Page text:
Eastern Idaho State Fair

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The Eastern Idaho State Fair is an American state fair held annually in Blackfoot, Idaho. It is one of two annual state fairs in Idaho; the other is the Western Idaho Fair, which is held in Boise, the state capital.


In 1902 some cattle ranchers had purchased some land in hopes of putting on a livestock show. The show was given the name "Southeastern Idaho Fair".[1]

When financial hardships hit the fair in 1918, it was suspended until 1920. The state legislators passed a Fair District Bill in 1925. The fair started out as a district fair with livestock and entertainment. After being challenged by the Utah State Fair, the officials decided to change the name of the event from "Eastern Idaho Fair" to "Eastern Idaho State Fair".[1] In 1925, the fair ran for four days.

The fair was shut down in July 1942, after the United States entered World War II, and the buildings at the fairground were used for storage of surplus. On December 10, a fire destroyed the commercial buildings consuming potatoes and coal.[1]

In 1942, the Fair housed some 500 Italian prisoners, who were ordered to dig sugar beets and potatoes.[1] Operations have continued since 1944.[1]

The Native Americans of Fort Hall have also influenced the Eastern Idaho State Fair: an Indian Relay Race has been held throughout the fair's history.[1]

The state fair has been used to promote local agriculture throughout its history, with area farmers displaying their produce and livestock to the public.[1]

Today, the state fair lasts eight days. In 2009, the fair had an attendance of over 240,000 people.[1] The gates to the fairgrounds open on Labor Day weekend, the first week in September.[2][3]

Opening day[edit]

One of the events held at the opening of the fair is the annual parade held in Blackfoot.[citation needed] The parade starts at the south end of Shilling Avenue and makes its way to the north end. Several local clubs and organizations, as well as representatives from local high schools, police department, fire department, businesses and dance teams, participate in the line of the parade. The parade is escorted by the local police department and fire department, sounding their horns and sirens. Local high schools, cheerleading squads, student council, Junior Miss winners, dance team and some clubs have their own floats. The people on these floats cheer, throw candy, and promote the fair. Businesses around town are in the parade with music, candy, and brochures advertising their business. The dance teams advertise their team, but and entertain the crowd by doing a dance while walking down the road.


Chinese, Japanese, Mexican, American, and Indian food is sold at the fair, including teriyaki bowls, tiger ears, scone nuggets, turkey legs, hamburgers, funnel cakes, curly fries, ice cream, and Dutch oven cooking.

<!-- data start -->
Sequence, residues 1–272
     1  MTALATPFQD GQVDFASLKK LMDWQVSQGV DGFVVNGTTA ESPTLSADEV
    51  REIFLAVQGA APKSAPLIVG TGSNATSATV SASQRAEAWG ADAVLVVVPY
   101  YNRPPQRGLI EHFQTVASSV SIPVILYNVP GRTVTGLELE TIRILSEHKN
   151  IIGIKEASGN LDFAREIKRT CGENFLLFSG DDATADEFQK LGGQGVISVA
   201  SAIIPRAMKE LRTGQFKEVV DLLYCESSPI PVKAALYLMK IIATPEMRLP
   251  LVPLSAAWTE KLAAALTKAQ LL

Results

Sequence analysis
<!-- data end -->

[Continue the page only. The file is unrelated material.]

Weekdays at the grandstands, horse races are held from noon until about late afternoon.

After every few heats, the Indian relays are held. The Native American tribes have three horses each, which are taken for three laps around the track. In order to use every horse each tribe has to do a switch after taking one lap, and the man on the horse does not wait until the horse is at a dead halt. The participants in the race jump off the horse while horse is slowing down, then run and jump onto the next horse. Those who fail to jump correctly get far behind the other teams. The horses from which they jump are sometimes unable to slow down in time, and trample the rider.[citation needed] Many people participate in gambling on the race.[citation needed]

Night time events include motocross, bull riding, rodeo, tractor pulls, concerts, and a demolition derby.[4] The concerts change every year, with different genres and performers. The 2015 edition of the fair features Gabriel Iglesias and Cheap Trick as headline performers.[5][6]

On two other small stages, smaller events take place. Some of the smaller events include hypnotists, arm wrestling contests, "Idaho Idol" (sponsored by KFTZ "Z-103.FM"), local dance teams, singing, and comedy shows. Other events surrounding the stage include a petting zoo, camp trailers, and a reptile show.

Fairground rides and games are operated at the show, including child rides and adult rides, including the Zipper, Fun Slide, House of Mirrors, and trucks that go around on a track. Tickets and wristbands are sold to the rides and the games. The rides are provided by Butler Amusements.

Animals displayed at the fair include dairy and beef cattle, different types and breeds of horses, sheep, pigs, goats, chicken, rabbits, and ostriches.[1] The public is allowed to showcase their livestock for the 4H program.

Buildings on the fairgrounds include agricultural information, advertising of hot tubs, trailers, fireplaces, siding for houses, and others. The smaller buildings may contain craft items. Blankets, handmade clothes, and other stitching work is displayed, along with photography of animals, nature, children, weddings, families, senior pictures, and other subjects.

See also[edit]


  1. ^ a b c d e f g h i "Fair History". IE Productions. September 4, 2015. Retrieved September 4, 2015. 
  2. ^ "History of Blackfoot" (PDF). City of Blackfoot, Idaho. August 14, 2014. Retrieved September 4, 2015. 
  3. ^ "History of Blackfoot, Idaho". Online Highways LLC. September 4, 2015. Retrieved September 4, 2015. 
  4. ^ # Headliners. Eastern Idaho State Fair. IE Productions. 20 Feb 2008.
  5. ^ Journal Staff (June 3, 2015). "Gabriel Iglesias, Cheap Trick to perform at Eastern Idaho State Fair". Idaho State Journal. Retrieved September 4, 2015. 
  6. ^ "Eastern Idaho State Fair Announces New Themes, Big Acts". KPVI News 6. June 3, 2015. Retrieved September 4, 2015. 

External links[edit]

Coordinates: 43°11′41″N 112°20′26″W / 43.19472222°N 112.34055556°W / 43.19472222; -112.34055556